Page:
One of the few joys I find in my frequent business travel is that I get to look out the window. OK, let me be more Serious: I enjoy taking aerial photos of the landscape. Whatever. Now that, of course, requires that I actively seek out window seats (on long flights, this has the downside of requiring me to climb over two fellow passengers to reach the aisle, but that’s really their problem more than mine).

What I’ve found over the years, using a Nikon D80 and D90, with telephoto and DX 18-105 lenses, is that the landscape, particularly of the southwestern United States, takes on a wildly abstract and interestingly non-geological appearance when viewed from the air. It’s likely a combination of the nature of the landscape itself, coupled with distortions resulting from the extreme angle at which “down” pictures must be taken through a tiny airliner window when the photographer is strapped in inches away from the plexiglass, along with the modest processing the images go through in PhotoShop. But whatever the reason, the results can look more like Jackson Pollock than Google Earth, and I love that.

Aerial view of Green River, Canyonlands NP, UtahAerial View, Great Salt Lake, Utah

I’m not sure what to call this. “Aerial photography” always sounds to me like someone with too many pockets on his shirt rented time on a Piper and flew around taking fabulous pictures leaning precariously out an open doorway. Snapping photos while twisted around in a 17-inch wide coach seat, lens pressed against a scratched 16×11 plexiglass window, holding the camera at a wrist-aching angle, doesn’t really qualify, at least in my mind, as something as exotic and professional-sounding as “aerial photography.”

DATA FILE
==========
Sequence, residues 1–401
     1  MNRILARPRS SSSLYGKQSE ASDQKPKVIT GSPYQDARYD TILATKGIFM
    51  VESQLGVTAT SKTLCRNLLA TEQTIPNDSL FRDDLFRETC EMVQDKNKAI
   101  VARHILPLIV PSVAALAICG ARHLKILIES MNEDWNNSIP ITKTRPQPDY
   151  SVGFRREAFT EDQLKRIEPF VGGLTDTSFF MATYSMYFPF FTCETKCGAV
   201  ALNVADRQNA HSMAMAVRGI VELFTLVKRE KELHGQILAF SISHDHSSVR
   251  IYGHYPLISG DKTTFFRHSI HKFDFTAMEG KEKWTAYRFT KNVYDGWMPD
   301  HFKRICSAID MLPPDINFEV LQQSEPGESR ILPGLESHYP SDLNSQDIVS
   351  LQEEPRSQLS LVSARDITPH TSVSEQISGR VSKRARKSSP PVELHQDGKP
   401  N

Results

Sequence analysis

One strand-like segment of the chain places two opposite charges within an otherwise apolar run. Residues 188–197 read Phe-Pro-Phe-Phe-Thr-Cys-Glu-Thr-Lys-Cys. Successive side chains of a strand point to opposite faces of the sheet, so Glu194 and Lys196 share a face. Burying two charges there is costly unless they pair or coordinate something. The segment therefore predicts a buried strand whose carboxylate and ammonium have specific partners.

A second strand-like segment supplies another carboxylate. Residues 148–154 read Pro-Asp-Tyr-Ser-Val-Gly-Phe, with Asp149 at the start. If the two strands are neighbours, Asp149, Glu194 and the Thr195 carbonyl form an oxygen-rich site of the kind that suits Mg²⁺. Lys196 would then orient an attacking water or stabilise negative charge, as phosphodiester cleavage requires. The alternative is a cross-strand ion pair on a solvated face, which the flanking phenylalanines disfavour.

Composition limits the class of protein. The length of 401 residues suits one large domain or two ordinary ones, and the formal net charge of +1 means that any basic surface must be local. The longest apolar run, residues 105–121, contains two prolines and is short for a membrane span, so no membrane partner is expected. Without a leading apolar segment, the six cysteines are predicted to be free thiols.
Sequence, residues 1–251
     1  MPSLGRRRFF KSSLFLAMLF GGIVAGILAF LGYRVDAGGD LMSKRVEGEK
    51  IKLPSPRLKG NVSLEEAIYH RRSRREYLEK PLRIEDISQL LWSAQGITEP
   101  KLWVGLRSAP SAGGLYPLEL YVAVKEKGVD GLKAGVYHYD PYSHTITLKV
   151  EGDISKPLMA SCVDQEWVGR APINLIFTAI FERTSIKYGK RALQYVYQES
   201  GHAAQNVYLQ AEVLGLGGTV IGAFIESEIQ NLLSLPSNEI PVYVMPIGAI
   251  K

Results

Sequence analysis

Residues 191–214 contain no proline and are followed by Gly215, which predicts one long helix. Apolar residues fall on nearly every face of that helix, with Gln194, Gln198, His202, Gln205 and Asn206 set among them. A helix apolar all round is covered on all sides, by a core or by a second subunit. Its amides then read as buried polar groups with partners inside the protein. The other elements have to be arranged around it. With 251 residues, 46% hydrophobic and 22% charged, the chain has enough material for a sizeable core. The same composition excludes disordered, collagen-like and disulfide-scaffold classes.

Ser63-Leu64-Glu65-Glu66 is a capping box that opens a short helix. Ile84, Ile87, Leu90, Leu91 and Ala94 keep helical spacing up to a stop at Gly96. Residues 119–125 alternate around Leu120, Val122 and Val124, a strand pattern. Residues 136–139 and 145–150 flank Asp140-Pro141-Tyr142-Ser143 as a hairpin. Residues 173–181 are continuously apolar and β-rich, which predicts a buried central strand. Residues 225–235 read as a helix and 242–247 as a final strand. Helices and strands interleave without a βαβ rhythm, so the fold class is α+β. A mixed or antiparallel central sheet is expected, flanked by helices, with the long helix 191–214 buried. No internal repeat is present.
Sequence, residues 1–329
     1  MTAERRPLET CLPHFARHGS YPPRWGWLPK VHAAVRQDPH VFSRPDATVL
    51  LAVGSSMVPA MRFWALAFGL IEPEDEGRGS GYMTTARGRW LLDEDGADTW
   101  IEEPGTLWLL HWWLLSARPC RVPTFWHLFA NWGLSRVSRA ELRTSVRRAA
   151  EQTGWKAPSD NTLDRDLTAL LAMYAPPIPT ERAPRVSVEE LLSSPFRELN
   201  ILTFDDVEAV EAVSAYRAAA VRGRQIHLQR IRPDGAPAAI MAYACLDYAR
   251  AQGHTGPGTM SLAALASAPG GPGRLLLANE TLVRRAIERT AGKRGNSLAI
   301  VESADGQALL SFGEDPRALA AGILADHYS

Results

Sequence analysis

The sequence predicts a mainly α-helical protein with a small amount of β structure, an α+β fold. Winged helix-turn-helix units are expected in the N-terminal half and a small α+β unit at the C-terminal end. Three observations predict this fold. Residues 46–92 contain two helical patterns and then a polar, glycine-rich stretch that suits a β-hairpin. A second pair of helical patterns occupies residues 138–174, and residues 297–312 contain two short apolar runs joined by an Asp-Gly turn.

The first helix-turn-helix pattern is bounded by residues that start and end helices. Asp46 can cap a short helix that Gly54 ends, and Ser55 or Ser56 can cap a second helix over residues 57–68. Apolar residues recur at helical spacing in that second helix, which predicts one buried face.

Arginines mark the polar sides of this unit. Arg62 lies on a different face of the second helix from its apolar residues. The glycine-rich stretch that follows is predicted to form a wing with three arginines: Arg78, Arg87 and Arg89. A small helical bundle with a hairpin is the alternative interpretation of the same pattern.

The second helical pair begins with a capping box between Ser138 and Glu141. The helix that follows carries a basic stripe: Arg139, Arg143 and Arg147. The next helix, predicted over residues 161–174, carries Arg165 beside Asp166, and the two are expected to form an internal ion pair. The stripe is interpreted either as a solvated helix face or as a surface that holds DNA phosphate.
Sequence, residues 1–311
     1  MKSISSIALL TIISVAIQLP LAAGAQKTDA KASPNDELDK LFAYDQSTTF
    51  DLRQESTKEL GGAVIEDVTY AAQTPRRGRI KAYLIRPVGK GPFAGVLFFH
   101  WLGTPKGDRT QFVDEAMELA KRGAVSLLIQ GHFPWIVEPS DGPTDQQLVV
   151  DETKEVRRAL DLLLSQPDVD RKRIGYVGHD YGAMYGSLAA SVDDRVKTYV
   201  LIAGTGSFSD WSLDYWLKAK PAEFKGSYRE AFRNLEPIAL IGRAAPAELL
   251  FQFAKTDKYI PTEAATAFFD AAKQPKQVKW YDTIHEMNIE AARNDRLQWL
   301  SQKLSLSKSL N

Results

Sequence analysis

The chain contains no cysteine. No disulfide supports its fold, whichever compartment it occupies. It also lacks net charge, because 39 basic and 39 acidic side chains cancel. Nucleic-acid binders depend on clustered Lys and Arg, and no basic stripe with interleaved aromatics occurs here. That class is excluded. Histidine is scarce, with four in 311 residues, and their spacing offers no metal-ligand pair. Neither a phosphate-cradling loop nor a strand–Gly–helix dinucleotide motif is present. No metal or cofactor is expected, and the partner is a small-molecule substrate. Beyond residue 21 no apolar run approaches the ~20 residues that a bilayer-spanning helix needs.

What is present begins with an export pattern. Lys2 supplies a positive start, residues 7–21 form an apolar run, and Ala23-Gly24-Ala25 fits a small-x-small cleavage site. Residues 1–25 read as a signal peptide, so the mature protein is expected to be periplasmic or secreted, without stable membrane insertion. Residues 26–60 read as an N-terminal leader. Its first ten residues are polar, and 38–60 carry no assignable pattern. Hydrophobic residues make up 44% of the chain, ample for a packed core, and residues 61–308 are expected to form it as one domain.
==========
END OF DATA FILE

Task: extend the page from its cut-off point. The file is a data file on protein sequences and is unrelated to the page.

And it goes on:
Nomenclature aside, though, it’s something that I like to do, and that makes the frequent business trips I take much more creatively stimulating. I don’t mind that I make something of a spectacle of myself–a bald, middle-aged guy contorting himself and clicking his camera rapidly out the window like a nine year old on his first flight. I may not be leaning precariously out an open airplane window, but from time to time I brazenly defy the order to “turn off all electronic devices” and take photos with my digital camera during final approach and landing. I am terribly sneaky about this, waiting for the flight attendants to go to their seats before surreptitiously pulling the camera back out and shocking my row-mates with my flagrant scoff-lawery. My Nikon has yet to interfere with Boeing’s complex electronics, however (to the best of my knowledge) and does not seem to have brought down any planes. I do apologize for putting my fellow passengers at risk, but sacrifices must be made for art.